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The people are telling Beto O'Rourke to run, and he's starting to listen.
The people are telling Beto O'Rourke to run, and he's starting to listen.
Melissa Hennings

That Sound You Hear Is Beto O'Rourke Cracking the Door for a Presidential Run

At a town hall in El Paso on Monday, Beto O'Rourke made his first public appearance since losing his Senate race to incumbent Sen. Ted Cruz earlier this month. Given the narrow, and high-profile nature of O'Rourke's Senate defeat, one might've expected the soon-to-be former U.S. House representative to play it cool and ignore the mounting speculation about his political future.

That's exactly what he did, at least for a while, but as O'Rourke loosened up to both his constituents and media in attendance, he gave the clearest signs yet that he has plans for 2020. 

During the town hall — one of 102 O'Rourke has held in his district since winning election in 2012 — audience members repeatedly asked O'Rourke to run for president in two years. Eventually, O'Rourke responded to their questions.

"That's what we're focused on now. Being together as a family, making sure that I deliver everything that I can to the people I represent until the 3rd of January," O'Rourke said. "Then, Amy and I will think about what we can do next to contribute to the best of our ability to this community."

Then O'Rourke turned to Amy, his wife, with a smile on his face.

"How was that? Was that good?" O'Rourke asked.

O'Rourke's obvious refusal to rule out a run for the White House contradicts a series of statements he made during his campaign against Cruz. On Nov. 5, the day before the midterms, O'Rourke told a group of reporters in Houston that there was no way he would run for president, regardless of whether he was elected to the Senate.

"I will not be a candidate for president in 2020," he said. "That's as definitive as those sentences get."

Speaking with reporters after the town hall, O'Rourke admitted that his answer has changed in the three weeks since the election.

"Now that that is no longer possible, we’re thinking through a number of things, and Amy and I made a decision not to rule anything out," O'Rourke said. "The best advice I received from people who’ve run for, and won — and run for, and lost — elections like this, is: Don’t make any decisions about anything until you’ve had some time to hang with your family and just be human. And so I am following that advice."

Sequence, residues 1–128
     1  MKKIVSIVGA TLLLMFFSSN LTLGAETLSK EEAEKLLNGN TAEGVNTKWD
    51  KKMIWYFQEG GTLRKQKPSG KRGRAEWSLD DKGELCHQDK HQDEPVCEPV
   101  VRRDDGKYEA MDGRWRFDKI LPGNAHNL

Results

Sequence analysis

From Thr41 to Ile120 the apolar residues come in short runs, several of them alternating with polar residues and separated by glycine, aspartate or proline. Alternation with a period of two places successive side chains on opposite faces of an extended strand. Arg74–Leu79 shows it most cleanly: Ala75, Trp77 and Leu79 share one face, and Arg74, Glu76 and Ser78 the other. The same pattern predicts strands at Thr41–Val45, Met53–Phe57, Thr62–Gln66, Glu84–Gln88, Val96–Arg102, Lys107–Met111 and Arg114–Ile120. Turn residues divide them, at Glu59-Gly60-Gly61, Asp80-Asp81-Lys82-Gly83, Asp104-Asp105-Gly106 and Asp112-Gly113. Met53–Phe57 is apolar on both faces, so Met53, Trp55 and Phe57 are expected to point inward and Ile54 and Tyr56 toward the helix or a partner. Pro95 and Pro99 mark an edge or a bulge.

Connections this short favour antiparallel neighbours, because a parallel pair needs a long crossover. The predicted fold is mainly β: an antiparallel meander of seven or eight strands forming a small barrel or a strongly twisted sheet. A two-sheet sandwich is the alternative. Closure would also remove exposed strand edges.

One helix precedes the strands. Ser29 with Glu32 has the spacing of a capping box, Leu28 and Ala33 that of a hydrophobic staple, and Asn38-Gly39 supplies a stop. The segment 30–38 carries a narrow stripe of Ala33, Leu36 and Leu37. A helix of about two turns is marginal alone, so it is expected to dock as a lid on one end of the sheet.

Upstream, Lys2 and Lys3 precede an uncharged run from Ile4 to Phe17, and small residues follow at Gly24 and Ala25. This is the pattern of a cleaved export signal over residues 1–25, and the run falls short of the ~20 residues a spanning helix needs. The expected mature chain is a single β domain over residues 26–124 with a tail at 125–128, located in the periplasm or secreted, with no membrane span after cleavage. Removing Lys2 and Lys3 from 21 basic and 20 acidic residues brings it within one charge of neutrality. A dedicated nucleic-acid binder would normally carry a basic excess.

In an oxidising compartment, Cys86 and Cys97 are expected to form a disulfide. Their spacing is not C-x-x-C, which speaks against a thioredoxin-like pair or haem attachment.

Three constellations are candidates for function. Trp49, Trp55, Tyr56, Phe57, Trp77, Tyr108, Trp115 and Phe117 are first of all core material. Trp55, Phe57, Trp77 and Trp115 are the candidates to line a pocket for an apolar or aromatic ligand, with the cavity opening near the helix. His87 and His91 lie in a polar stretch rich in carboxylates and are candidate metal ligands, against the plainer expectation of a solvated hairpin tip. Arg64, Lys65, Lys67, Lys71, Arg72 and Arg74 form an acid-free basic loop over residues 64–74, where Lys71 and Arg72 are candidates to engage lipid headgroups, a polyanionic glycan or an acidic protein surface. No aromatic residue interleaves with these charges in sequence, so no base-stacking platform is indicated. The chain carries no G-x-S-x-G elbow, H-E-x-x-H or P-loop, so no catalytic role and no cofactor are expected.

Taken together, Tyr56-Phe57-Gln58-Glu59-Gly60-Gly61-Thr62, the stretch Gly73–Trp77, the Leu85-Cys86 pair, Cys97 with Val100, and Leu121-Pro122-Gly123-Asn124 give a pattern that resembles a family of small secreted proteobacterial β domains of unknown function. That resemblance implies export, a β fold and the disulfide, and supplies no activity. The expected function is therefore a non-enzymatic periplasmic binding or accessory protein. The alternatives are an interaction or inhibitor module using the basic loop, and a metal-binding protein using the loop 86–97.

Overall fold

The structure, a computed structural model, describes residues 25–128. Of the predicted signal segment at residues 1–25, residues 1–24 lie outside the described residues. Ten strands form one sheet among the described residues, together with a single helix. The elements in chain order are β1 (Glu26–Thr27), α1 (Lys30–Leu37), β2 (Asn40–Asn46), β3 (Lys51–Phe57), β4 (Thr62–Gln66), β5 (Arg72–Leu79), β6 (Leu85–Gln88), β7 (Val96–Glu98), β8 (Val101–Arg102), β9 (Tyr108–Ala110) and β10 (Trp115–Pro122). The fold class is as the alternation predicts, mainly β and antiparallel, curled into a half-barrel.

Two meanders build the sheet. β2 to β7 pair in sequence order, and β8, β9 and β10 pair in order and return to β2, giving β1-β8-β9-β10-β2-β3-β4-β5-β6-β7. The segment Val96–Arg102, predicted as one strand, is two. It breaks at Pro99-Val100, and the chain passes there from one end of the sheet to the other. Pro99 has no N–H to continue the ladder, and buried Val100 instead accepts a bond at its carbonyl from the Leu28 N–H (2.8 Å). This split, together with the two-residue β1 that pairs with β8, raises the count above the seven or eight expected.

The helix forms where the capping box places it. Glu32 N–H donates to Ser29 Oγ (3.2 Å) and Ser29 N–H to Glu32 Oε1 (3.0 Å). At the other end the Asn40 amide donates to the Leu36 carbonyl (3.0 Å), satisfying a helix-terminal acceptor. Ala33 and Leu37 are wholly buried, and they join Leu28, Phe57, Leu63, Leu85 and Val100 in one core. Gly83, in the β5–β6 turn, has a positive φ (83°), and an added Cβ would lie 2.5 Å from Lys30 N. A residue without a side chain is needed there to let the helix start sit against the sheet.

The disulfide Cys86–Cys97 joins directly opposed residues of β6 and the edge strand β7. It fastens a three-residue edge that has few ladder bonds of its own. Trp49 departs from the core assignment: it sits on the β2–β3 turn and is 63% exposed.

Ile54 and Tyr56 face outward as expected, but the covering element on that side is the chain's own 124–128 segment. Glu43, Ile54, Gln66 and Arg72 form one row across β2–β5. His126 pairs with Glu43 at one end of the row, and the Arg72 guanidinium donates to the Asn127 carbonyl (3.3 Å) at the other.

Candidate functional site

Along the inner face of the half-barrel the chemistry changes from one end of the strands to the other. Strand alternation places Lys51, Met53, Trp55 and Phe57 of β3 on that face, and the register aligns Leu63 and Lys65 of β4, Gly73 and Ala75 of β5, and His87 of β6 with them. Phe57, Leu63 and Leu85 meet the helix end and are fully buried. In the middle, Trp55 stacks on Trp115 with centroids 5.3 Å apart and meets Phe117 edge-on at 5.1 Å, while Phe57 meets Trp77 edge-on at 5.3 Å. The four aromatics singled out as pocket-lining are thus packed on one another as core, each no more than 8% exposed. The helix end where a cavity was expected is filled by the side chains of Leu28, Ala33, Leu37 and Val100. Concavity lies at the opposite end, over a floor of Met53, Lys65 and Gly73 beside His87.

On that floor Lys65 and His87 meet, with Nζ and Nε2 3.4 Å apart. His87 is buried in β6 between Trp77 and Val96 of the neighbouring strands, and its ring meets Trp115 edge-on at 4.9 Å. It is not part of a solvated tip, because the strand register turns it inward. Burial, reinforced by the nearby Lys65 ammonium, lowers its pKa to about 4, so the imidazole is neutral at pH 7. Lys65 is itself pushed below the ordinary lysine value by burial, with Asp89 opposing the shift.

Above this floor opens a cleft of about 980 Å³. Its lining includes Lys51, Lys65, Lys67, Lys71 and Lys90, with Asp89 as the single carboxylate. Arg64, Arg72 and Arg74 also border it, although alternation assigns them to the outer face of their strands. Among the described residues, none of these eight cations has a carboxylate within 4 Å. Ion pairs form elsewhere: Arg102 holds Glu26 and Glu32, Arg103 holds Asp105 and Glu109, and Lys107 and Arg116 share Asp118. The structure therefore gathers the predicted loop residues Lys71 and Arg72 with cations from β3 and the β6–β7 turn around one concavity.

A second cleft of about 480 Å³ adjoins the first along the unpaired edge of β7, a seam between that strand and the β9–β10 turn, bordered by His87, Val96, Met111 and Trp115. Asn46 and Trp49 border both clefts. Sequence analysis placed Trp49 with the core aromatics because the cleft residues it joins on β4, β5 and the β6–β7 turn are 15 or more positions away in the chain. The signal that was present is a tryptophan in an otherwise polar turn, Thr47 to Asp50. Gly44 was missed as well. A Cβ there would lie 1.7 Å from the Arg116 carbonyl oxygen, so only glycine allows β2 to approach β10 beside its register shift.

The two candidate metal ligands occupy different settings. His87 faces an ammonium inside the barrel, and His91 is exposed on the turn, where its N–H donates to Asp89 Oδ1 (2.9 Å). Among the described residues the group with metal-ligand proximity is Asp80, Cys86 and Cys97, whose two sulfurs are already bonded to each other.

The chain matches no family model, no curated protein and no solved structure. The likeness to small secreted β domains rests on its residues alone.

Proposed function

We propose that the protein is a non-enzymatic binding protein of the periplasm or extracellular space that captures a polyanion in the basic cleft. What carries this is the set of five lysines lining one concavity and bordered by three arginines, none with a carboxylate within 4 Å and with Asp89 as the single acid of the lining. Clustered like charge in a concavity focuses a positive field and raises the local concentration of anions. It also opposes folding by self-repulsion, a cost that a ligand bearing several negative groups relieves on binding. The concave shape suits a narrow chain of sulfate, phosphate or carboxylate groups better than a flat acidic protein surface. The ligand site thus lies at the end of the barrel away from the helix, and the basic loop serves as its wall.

In addition to holding the town hall, O'Rourke also posted a second essay to his Medium blog, this time responding to the ongoing asylum crisis at the U.S.-Mexico border.

"Let’s do this the right way and follow our own laws. Allow asylum seekers to petition for asylum at our ports of entry. They must do so peacefully and follow our laws; but we must also ensure the capacity to effectively and timely process those claims (right now 5,000 are waiting in Tijuana, and only 40 to 100 are processed a day)," O'Rourke wrote. "Those who have a credible fear of returning to their home country (as determined by a U.S. judge) will be able to stay until their full asylum request has been determined. Those applicants ultimately granted asylum will then live in the U.S., make us a better country for being here, and those who are not granted asylum will be returned to their home country."

O'Rourke seems to be giving in to, or at least enjoying, the speculation about his future that pops up everywhere one might turn in the political world. Last week, former president Barack Obama talked up O'Rourke, and the race he'd just run, on an episode of David Axelrod's podcast The Axe Files.

"Impressive young man who ran a terrific race in Texas," Obama said of O'Rourke. "What I liked most about his race was that it didn't feel constantly poll-tested. ... It felt as if he based his statements and his positions on what he believed. And that, you'd like to think, is normally how things work. Sadly it's not."

Obama then compared O'Rourke to himself, before commenting more generally on who might run in 2020.

“The reason I was able to make a connection with a sizable portion of the country was because people had a sense that I said what I meant,” he said. “What I oftentimes am looking for first and foremost is, do you seem to mean it?”

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